A Different Man follows Edward (Sebastian Stan), a man suffering from neurofibromatosis. This condition causes non-cancerous tumors to grow on a person’s body so badly that it can cause disfigurement. As a result, Edward has a meek personality and avoids social situations, fearing bullying and scrutiny.
Edward learns of an experimental procedure that can reverse his diagnosis. In the meantime, he meets his pretty neighbor, Ingrid (Renate Reinsve), a playwright who treats him with humanity, and Edward immediately gravitates to her. He gives her a typewriter, knowing it will be an apt gift for a writer. In a moment of confusion in Edward’s apartment, Edward grabs Ingrid’s hand, causing her to retract and leave the apartment.
After some body horror, love lost and regained, and a new character introduced, A Different Man has a wild ride in store for audiences.
Produced by studio A24, the film is weird, and campy, and couldn’t be more fitting for the distributor. A24 movies are known for their strange, groundbreaking, and original brands of storytelling. The crash zooms and intense musical score had me laughing, even with the intermittent on-screen horror I was witnessing.
Not everyone at the festival had a high opinion of A Different Man.
Darren Movie Reviews says on X, “A Different Man is a mixed bag. The musical score is outstanding and Adam Pearson is phenomenal! Sebastian Stan is good and the prosthetic work is truly transformative, but it’s too long. Felt like a short with not enough substance for two hours”
Brian Rowe opines on X as well, “Aaron Schimberg’s A Different Man is a cult movie in the making. Ambitious, beguiling, unusual, totally original. Excellent performances from Sebastian Stan, Renate Reinsve, and Adam Pearson. It didn’t all work for me on a narrative level, but there’s a lot to love.”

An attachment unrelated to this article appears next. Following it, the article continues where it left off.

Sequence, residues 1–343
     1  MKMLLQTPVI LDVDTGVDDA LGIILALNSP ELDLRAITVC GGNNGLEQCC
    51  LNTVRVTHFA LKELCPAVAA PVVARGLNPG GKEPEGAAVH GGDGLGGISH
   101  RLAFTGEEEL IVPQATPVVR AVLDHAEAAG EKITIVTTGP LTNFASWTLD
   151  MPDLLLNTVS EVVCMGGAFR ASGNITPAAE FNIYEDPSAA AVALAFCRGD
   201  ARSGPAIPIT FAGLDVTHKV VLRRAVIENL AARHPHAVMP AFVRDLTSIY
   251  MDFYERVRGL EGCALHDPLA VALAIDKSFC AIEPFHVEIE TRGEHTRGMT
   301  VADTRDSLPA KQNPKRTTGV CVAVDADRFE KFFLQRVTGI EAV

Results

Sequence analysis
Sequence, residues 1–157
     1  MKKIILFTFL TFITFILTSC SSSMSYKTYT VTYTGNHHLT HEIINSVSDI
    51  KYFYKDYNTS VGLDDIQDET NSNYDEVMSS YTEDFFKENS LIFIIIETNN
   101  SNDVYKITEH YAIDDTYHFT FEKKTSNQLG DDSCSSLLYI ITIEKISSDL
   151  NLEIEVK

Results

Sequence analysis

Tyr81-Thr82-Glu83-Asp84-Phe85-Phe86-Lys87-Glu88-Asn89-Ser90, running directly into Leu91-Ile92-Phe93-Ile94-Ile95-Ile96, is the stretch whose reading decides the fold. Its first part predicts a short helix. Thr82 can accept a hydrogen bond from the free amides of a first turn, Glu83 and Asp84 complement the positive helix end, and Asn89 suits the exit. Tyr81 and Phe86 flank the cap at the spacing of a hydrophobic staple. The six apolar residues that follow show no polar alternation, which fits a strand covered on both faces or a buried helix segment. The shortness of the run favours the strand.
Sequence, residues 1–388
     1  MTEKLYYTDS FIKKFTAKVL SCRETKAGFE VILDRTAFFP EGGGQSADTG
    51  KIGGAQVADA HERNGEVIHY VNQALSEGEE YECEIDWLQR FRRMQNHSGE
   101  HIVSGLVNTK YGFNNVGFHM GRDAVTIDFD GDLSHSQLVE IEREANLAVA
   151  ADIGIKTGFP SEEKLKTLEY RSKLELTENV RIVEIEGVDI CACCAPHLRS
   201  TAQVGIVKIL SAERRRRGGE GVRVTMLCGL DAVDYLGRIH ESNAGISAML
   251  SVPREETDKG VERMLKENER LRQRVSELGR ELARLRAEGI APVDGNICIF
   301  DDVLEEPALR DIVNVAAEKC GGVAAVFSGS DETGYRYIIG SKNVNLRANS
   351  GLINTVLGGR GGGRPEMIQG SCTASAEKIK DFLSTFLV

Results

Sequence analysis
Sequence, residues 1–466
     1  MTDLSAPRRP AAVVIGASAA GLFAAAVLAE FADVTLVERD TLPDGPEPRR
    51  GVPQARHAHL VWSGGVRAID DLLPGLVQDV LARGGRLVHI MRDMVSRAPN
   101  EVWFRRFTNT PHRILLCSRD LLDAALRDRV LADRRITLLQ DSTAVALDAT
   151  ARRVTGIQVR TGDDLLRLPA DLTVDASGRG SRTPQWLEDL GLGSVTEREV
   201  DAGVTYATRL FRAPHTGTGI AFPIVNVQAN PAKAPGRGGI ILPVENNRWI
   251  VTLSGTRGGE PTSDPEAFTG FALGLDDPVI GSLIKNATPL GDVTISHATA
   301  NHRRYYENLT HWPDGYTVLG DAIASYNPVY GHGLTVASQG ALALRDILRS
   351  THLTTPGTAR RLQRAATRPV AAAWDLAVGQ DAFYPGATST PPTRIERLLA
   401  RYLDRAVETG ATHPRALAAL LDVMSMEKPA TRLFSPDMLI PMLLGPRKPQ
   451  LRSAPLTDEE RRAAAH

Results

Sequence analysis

I found the film to be incisive about celebrity culture, egotism, and obsession. I also found it crucially smart not to paint the man with neurofibromatosis as the victim. The character introduced later in the film has many friends, is outgoing, funny, and the life of the party.
Following the film, writer/director Aaron Schimberg spoke in the Q&A about how he wanted to be sensitive to the disfigurement condition, but also didn’t want it to stop him from turning the character into a hero of sorts.
I wouldn’t recommend A Different Man to anyone who might be sensitive to disturbing imagery. I would recommend the film if you enjoy A24 films. It will find a limited audience, but those who find it appealing will truly embrace it.
The film’s remaining screenings are sold out, but you can always join a waitlist. Luckily, if you miss it at the fest, the film will likely be released in 2024.
A quick note – Sundance is known for its big acquisitions. So far at the festival, there have been two big ones. A Real Pain, the Jesse Eisenberg-directed post-holocaust dramedy was acquired by Searchlight for $10 million, and Greg Jardin’s It’s What’s Inside horror flick was acquired by Netflix for $17 million. Even more impressive is that it’s Jardin’s directorial debut.